Go through your photos quickly and hit “P” to flag or “X” to reject. If you don’t flag it or reject it, then it stays unflagged which is that gray area that you’re just not sure about. But you don’t have to press a key to be indecisive – Lightroom just assumes you’re indecisive about the photo by leaving it unflagged. So your job becomes really easy! Flag it if you like it and think there’s a remote chance you’ll do something with it again one day. Reject it if you don’t. Then hit the right arrow key and move on.

Tip #2. Delete the Bad Stuff (and an easy way to do it)
Another way to speed things up is to keep your library as clean as possible and get rid of the bad stuff. If you followed the previous step and are using the Flag system, you should have some rejects that were marked with an X. A really simple way to delete them is to go up to the Photo menu and choose “Delete Rejected Photos.” Lightroom will delete all the rejects all at once so you don’t have to go back and get rid of them later.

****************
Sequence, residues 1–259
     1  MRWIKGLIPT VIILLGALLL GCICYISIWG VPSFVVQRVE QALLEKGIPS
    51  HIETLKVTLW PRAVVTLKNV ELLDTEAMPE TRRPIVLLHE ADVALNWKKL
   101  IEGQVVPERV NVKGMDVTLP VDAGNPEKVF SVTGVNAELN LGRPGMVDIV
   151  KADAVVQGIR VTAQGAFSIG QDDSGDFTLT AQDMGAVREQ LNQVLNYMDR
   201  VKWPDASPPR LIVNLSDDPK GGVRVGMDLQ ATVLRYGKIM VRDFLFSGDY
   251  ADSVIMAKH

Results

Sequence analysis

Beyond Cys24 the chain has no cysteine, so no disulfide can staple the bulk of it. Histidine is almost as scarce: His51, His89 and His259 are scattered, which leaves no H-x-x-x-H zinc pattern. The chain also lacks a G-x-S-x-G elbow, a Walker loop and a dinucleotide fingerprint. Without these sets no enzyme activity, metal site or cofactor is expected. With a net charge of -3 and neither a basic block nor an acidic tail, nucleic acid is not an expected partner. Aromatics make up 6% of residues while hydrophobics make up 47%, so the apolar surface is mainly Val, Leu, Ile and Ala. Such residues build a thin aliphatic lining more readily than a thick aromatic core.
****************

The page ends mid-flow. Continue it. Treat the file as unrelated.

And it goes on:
Tip: When you try to delete a photo Lightroom will ask you if you want to delete it from the hard drive or just from the Lightroom library. Personally, I want me rejects gone forever so I delete them from the hard drive rather than just removing them from Lightroom.

Tip #3. Use Collections
Using Collections in Lightroom is more important than ever and probably one of the fastest and best ways for you to speed up your workflow. Photos that go into a collection are the photos that should be one click away and the photos that you’ll want to see most often.

To put it simply, think of a Collection as a photo album. Let’s say you have 2000 images from a wedding. You want to quickly show them to the bride/groom or family. Do you go through and show them all 2000 photos? No way. Instead, you’d create an album. Well that’s what a collection is. It’s a way for you to get to your favorite photos in just one click no matter where you are in Lightroom because the Collections panel is everywhere.

Typically, I’ll look at my photos in the Folders panel and go through them one by one. I’ll hit the letter P (for Pick) to flag photos as a favorite when I come across them. Then I can quickly sort to just see my picks by clicking the little flagged icon in the Filter strip just above the filmstrip: